Very few dog owners and trainers know how to turn a dog into a true athlete. Mushers are one group of people that know the finer art of turning couch potatoes into extreme athletes. Long distance mushers are especially good at this. Long distance mushers start training their dogs months before the first snow falls. Once the snow starts sticking to the ground, their dogs are running countless miles every day. For a dog to reach this level of physical fitness, they have to be properly trained by a musher who knows what they are doing. Ryne Olson from Alaska fits this category. Ryne is a full-time musher who runs the Yukon Quest and the Iditarod. These types of dog races are physically demanding on the dog and the musher. She says the key to success boils down to working the dogs out in the pre-season. “My husband and I have sled dogs and hunting dogs. In order for them to reach their full potential during race season and hunting season, we start physical conditioning several months before season,” Olson said.
When training sled dogs, Olson suggests starting the training process three months before they will be running races in the snow. For hunting dogs, she suggests starting four to six weeks before hunting season. “It is common sense that a dog that is physically fit is probably going to find more birds than a dog that got off the couch yesterday and started hunting today. You can do it that way, and I am sure plenty of hunters do, but starting 4-6 weeks ahead of time will help a dog perform better and the hunter will likely harvest more game,” Olson added
Train When the Weather is Cool
When training dogs, it is important especially early on in the training process to train when the weather is cool. Train in the morning or in the evening. Every year in states like South Dakota, dogs die of heat exhaustion. This is often caused by dogs that are out of shape running all day out in the heat.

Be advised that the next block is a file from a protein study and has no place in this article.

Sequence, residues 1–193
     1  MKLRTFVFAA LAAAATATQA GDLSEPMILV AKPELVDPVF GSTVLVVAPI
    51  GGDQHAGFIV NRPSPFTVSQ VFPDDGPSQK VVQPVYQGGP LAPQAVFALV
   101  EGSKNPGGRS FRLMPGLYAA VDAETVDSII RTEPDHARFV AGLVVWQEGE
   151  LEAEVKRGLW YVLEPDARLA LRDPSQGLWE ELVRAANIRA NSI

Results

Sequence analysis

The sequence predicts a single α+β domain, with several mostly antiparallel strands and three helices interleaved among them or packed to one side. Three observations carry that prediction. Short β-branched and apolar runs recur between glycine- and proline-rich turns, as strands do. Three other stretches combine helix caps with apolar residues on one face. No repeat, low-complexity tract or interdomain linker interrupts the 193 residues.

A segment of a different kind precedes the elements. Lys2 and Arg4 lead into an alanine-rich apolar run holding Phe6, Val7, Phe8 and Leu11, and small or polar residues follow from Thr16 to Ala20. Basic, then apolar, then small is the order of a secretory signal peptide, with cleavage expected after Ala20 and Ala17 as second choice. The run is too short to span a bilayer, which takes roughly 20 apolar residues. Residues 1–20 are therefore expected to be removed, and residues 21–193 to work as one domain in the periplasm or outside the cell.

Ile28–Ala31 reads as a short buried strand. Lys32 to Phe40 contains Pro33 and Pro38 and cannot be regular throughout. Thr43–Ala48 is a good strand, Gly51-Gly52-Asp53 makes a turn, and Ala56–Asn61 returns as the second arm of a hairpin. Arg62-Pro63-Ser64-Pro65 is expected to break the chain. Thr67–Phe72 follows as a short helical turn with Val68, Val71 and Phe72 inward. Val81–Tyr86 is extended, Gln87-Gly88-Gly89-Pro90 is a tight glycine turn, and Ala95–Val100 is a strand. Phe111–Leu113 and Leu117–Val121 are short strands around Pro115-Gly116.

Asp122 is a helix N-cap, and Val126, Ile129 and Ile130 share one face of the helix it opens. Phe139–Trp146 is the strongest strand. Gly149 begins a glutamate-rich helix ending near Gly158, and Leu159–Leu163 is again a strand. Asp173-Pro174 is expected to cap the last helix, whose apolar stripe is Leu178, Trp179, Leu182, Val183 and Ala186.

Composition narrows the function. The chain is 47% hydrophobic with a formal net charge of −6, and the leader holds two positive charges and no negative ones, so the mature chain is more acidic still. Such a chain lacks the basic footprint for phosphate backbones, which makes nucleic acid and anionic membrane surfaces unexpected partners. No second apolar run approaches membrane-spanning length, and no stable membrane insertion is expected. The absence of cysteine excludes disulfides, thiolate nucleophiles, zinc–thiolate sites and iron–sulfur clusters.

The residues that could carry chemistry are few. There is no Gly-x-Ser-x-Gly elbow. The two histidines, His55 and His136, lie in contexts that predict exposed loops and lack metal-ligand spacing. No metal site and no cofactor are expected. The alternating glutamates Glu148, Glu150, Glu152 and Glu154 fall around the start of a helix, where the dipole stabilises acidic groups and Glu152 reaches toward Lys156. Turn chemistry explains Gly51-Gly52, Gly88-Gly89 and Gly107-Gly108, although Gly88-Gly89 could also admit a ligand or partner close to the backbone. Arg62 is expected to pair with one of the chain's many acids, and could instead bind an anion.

Bring a Thermometer
To make sure her dogs aren’t overheating, Olson always has a thermometer with her. A thermometer is cheap and keeping one in a first aid kit is easy to do. “If a hunter is running their dogs in warm weather, checking their temperature is easy to do. If the dog has a fever, give it a break,” Olson said.
Start a Spreadsheet
One thing Olson does to make sure her dogs are ready for season is keep a spreadsheet that shows how many miles her dogs are running during training runs. This record keeping might seem like overkill for a hunting dog, but record keeping can provide great some great data. “With GPS units, dog owners can easily keep track of their hunting dog’s training and gradually increase the number of miles the dog is running,” Olson noted. “Let’s say on a good day of hunting, a dog runs 20-25 miles. When a hunter starts training, they can start with a few miles and go up from there. Each day they train, they can gradually increase the miles until they reach a 20-mile training session. By keeping track, a hunter will know when the dog is ready to hit the woods hunting. If all of a sudden the dog isn’t putting on many miles, they will know to check the dog. In my spreadsheet, I make comments on injuries or other problems my dogs may have. It helps me better understand what is going on with my dogs. I keep excellent records so I can even look back years later and find out if a certain dog is struggling with a reoccurring injury. At the very least, if a hunter keeps a log of the number of miles they train their dog and how many miles they run during season, they can look back after the season and tell their friends about all the miles the dog ran. It is fun.”
Real Meat is a Must
It is also important to note that all mushers feed their dogs dry dog food and other meat including chicken, venison and liver. Providing these meals helps keep a dog in shape during the season.
Hunters that keep records, train heavily in the pre-season, and hunt hard during the season, will likely result in more birds in the game bag. Over the years, I have hunted with countless bird hunters. One thing I have noticed is that hunters who are detailed-oriented that keep track of their training programs and the number of days in the field often bag more game. We owe it to Fido to train him properly in the preseason so he can stay healthy and be more productive during the season.